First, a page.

Monday, April 30, 2018

Tales from the Wizarding School

It has been a while since my last post - I'm sorry. A combination of actually doing work on the WILD RPG (tweaking the Attributes and Abilities) and being convinced that no one actually reads the blog.

I haven't really had much to talk about on here for a while, but recently my mind has been wandering back to familiar territories thanks to a couple of games.

Tales from the Loop RPG
Our epic Star Wars: Force and Destiny game came to a suitably awesome end, and recently we've started playing Fria Ligan's Tales from the Loop. You'll have heard about it by now - it has won many awards (deservedly so), based upon the amazing paintings of Simon Stålenhag. Set in an "80's that never was" this is Stranger Things meets robots, time travel, dinosaurs, mind control, and super-science, all in small town Sweden (or wherever you want to set it) with kids riding around on bikes and investigating stuff.

I've been wanting to play this for ages, since reading the rules months ago and finding them so simple and intuitive that it really appealed - especially as I love simple and quick rules systems.

Not only does the game encourage characters to have a "Drive", a "Problem" and a "Pride" which all come into play in the way the characters act and are motivated, but it also has a proportion of the character sheet and character creation dedicated to "relationships". You define how you know each other, and other people in the town, and you gain experience for putting yourself at risk to help your friends.

Within a session we were running around, bickering like thirteen-year-olds, and coming up with bizarre plans and pissing off the teachers from the school. Brilliant!


You know what else has teenage kids at school solving mysteries?

Harry Potter. Yeah, had to get back to my little gaming obsession. I got thinking about how the friendships and relationships from Tales From the Loop would work with Harry Potter (and a lot of the rest of the system to be honest).

A lot of the core of Harry Potter is the central friendships between Harry, Ron and Hermione. There's a real sense of this in the way the players are interacting in Tales from the Loop, but it got me thinking about taking it further. With the relationships having a value that could change and evolve over time. Just look at Year Four - Harry Potter and the Goblet of Fire. Ron and Harry have a real falling out at the beginning of the story, when Ron's convinced that Harry has put his name in the Goblet of Fire. They don't speak to each other, even using Hermione as a go-between (much to her disgust, rightfully so). While this is resolved, it's great to have a mechanic that represents the relationships of the characters.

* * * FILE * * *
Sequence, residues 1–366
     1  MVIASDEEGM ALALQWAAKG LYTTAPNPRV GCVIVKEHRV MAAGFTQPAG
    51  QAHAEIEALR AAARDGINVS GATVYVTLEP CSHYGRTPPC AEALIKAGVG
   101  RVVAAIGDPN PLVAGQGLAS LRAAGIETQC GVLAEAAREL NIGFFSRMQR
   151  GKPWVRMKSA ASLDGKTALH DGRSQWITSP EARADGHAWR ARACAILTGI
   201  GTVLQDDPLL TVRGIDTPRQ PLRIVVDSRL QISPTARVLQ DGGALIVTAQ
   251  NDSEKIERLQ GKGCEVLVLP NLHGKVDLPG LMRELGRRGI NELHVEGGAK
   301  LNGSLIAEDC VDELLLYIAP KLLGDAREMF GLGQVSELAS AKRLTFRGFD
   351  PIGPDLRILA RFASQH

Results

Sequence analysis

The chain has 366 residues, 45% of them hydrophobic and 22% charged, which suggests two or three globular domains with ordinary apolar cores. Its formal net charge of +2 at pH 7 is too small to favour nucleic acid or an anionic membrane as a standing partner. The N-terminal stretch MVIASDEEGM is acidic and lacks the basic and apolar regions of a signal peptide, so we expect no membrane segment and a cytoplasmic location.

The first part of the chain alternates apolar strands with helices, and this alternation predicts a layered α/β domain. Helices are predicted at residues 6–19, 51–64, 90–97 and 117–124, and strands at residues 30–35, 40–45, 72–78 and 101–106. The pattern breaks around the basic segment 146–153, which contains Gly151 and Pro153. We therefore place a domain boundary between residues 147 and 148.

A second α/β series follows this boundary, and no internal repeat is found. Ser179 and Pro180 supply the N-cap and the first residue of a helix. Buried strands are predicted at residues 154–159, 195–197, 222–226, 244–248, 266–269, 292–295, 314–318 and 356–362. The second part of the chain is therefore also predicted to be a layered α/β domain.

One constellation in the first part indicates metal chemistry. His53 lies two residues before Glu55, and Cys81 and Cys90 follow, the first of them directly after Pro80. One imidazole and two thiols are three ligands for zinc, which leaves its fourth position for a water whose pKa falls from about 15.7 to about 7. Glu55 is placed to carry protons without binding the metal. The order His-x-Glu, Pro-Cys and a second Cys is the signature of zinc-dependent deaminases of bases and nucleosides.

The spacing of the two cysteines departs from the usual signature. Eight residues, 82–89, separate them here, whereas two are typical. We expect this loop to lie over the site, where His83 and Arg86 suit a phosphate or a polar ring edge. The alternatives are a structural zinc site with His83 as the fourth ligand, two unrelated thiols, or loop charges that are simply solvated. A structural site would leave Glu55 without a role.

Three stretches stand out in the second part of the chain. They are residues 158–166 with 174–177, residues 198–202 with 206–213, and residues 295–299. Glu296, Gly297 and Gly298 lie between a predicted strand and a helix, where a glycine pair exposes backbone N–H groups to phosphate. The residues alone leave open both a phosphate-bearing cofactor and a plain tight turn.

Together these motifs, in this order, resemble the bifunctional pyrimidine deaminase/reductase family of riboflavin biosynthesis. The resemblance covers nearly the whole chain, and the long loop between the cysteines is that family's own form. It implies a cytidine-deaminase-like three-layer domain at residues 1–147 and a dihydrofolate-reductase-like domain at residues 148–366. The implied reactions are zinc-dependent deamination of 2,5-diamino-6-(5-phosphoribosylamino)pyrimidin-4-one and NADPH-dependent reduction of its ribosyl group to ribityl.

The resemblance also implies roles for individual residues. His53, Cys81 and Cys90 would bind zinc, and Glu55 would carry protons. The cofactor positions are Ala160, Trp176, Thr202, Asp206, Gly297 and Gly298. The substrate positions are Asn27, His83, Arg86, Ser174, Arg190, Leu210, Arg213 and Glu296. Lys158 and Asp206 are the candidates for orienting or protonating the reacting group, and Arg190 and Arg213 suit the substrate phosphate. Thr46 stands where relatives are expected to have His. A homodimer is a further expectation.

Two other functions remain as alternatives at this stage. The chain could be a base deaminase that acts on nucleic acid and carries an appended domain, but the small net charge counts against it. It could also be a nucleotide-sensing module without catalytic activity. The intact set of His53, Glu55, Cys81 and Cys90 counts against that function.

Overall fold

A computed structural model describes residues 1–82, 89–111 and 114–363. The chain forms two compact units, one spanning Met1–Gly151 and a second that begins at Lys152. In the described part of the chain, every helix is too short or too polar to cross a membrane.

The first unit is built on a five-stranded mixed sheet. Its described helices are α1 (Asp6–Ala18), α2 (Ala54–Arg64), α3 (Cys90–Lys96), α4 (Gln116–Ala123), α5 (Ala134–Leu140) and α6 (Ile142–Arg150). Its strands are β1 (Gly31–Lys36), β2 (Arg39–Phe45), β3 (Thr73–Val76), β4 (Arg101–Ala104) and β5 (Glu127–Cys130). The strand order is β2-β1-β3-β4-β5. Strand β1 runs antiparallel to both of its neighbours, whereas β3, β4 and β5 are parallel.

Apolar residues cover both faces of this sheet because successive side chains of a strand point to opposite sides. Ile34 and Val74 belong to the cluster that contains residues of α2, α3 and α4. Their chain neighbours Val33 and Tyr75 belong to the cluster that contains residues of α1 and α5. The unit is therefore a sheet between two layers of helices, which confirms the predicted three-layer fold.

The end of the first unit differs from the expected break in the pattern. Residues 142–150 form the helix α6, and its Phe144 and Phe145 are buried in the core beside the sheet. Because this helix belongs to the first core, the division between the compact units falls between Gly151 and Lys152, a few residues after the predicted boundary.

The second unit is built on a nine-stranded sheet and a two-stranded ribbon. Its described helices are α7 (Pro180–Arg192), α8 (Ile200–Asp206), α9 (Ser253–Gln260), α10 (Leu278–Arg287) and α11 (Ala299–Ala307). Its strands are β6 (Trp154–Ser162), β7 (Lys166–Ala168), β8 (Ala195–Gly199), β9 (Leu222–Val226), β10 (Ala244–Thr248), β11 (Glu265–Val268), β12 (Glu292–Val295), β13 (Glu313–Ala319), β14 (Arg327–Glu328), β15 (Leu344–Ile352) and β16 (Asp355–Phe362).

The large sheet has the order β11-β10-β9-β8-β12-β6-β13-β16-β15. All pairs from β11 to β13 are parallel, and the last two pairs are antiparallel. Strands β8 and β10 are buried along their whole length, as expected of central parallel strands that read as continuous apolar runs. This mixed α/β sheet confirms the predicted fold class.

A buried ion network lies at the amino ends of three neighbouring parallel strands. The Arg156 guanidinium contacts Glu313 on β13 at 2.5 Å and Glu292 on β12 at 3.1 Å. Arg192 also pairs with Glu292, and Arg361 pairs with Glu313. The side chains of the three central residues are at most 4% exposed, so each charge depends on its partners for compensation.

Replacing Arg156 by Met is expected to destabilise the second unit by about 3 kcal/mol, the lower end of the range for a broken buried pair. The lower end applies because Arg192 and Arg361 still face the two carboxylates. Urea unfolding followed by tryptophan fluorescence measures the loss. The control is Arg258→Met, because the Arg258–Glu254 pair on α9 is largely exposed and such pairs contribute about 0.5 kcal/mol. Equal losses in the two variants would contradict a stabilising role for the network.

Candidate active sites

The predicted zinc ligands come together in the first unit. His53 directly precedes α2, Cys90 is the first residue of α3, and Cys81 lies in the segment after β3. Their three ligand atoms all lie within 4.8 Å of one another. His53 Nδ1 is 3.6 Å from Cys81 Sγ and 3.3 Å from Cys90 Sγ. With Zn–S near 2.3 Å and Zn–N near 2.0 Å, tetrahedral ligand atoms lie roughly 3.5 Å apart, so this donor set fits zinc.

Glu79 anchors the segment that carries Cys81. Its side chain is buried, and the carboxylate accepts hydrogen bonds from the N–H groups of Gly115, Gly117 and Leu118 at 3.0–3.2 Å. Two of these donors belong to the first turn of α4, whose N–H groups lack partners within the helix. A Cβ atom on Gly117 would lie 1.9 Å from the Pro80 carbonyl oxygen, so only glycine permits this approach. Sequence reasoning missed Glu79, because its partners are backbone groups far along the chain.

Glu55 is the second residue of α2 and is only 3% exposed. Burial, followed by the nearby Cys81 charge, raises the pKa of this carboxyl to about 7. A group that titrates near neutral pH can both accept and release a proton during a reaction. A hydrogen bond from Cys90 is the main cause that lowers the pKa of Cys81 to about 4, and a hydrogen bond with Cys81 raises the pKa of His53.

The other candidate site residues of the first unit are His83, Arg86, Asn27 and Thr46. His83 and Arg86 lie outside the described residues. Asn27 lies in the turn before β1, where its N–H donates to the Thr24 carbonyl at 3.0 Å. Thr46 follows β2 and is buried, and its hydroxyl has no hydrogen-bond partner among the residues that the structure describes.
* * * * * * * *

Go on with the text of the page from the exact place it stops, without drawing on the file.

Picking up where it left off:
With a few tweaks, Tales from the Loop would be a great system for Harry Potter.


Bearing that in mind, thinking about the way friendships work in roleplaying games, I was pleasantly surprised by the mobile game - Harry Potter: Hogwarts Mystery - that launched last week. It's received a lot of criticism for its energy management (encouraging that impatience to complete tasks and lessons to urge you to spend real money to help speed things up). However, the friendship mechanics have been a real eye opener.

My character (on the right), looking like a young me (when I had hair and no glasses), in Charms Class
in Harry Potter: Hogwarts Mystery

In Harry Potter: Hogwarts Mystery, you play a character of your own creation attending Hogwarts in the 80's, before Harry is old enough to attend but after Voldemort has "vanished". You have a past of your own (a brother who was expelled for trying to access the Cursed Vaults under Hogwarts) and you make friends, encounter bullies, go to classes and everything you expect from attending Hogwarts.

However, time is taken to make friends at the school, whether this is over a game of Gobstones or chatting over food in the great hall. Talking to friends is handled in a similar way to classes, and you can answer in positive and negative ways to increase your "relationship" with some of the students.

It's not the complete, branching relationships we've come to enjoy in the Telltale Games like The Walking Dead or Batman, where our decisions really shape the outcome. I don't think in Hogwarts Mystery you can tell Ben to go home when he's worried about being at Hogwarts and him actually leave. Seems a bit mean, but I'm not your archetypal Slytherin.

Merula gives us Slytherins a bad name....

The friendships being such a part of the game was a really nice surprise, and along with Tales from the Loop has reaffirmed by belief that it should be an integral part of a tabletop Harry Potter experience.

I know it's probably impossible, and will never happen...

However, Harry Potter: Hogwarts Mystery is certainly a step in the right direction. After all, it uses established characters - not only professors like Snape, Dumbledore and McGonagall, but also young incarnations of Tonks and Bill Weasley! Something I didn't think any game would do short of adaptations of the books/movies.

The interesting thing is the timeline that recently appeared on Pottermore:

It seems to imply that Harry Potter: Hogwarts Mystery is set on an alternate timeline? Almost like the Kelvin-verse of the Wizarding World. Or maybe I'm reading too much into this? If it is, what's the problem with allowing tabletop gamers to play in an alternate timeline after the Battle of Hogwarts, but before the events of The Cursed Child?

One day... One day my dream of writing an official Harry Potter tabletop game will come true...

You can read my lengthy treatise on Harry Potter roleplaying on this blog here.

Until next time, keep dreaming.

1 comment:

Batjutsu said...

Praise the day when we can say "You're an RPG Harry!"